On Miroslav Tichy
The review is odd, as is the work being reviewed. Prikryl first notes what she calls "Tichy's sublime indifference to politics." But she also describes his life in the late 1950s and early 1960s:
Around this time he became certifiably eccentric, and his abnormality, anticipating in reverse the period of Czech "normalization" following the Prague Spring, manifested itself in a few ways. He was certainly a confirmed dropout and recluse. He stopped changing his clothes and mended his coat with wire until it acquired the worm-eaten texture of something out of a Tim Burton movie. [. . .] These habits alone would have been enough to make his life difficult in Communist Czechoslovakia: not only was his appearance a rebuke to the rather conservative socialist ideal of the clean, honest worker but his habits seemed to advertise a radical independence. Barely eating, barely washing, making whatever he needed, going nowhere he couldn't walk--he simply declined to participate in any exchange that would link him to society. Before every May Day parade, the police would lock him up in an asylum so that the sight of him wouldn't embarrass party officials passing through town; early on, before she died, his mother always packed him a little suitcase for this annual excursion.Tichy may not have articulated his life as self-consciously as, say, Havel (in terms of "living in truth") but it is hard to see anyone asserting radical independence under a totalitarian regime as indifferent to politics. And later still Prikryl calls attention to and contests the distinctly political interpretation of his work that the ICP curators apparently present. It is not that she exactly denies that interpretation. She simply thinks it is, at best, too "arid and clinical." Having not seen the work it is impossible to say much other than the show seems like it would be worth the trip.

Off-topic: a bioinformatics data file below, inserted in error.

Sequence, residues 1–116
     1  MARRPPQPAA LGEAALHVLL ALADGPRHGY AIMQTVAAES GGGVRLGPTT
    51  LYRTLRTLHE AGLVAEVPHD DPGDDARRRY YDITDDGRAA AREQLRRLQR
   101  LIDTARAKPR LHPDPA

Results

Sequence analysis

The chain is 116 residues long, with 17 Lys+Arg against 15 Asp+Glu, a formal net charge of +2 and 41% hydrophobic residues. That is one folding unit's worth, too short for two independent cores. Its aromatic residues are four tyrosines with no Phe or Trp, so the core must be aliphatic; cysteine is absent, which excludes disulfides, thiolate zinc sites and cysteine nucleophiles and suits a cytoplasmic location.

P.S.: You can find another review of the Tichy exhibit here in The New York Times. It notes similar "political" themes in his work: "Clearly Mr. Tichy admired legs, and backsides, often cropping the image to show just the lower body. But he did more than ogle. Many photographs show conspiratorial pairs of women: gossiping, telling secrets or otherwise staking out bits of privacy in public." I lifted the two images (both untitled and undated) in this post from The Times review.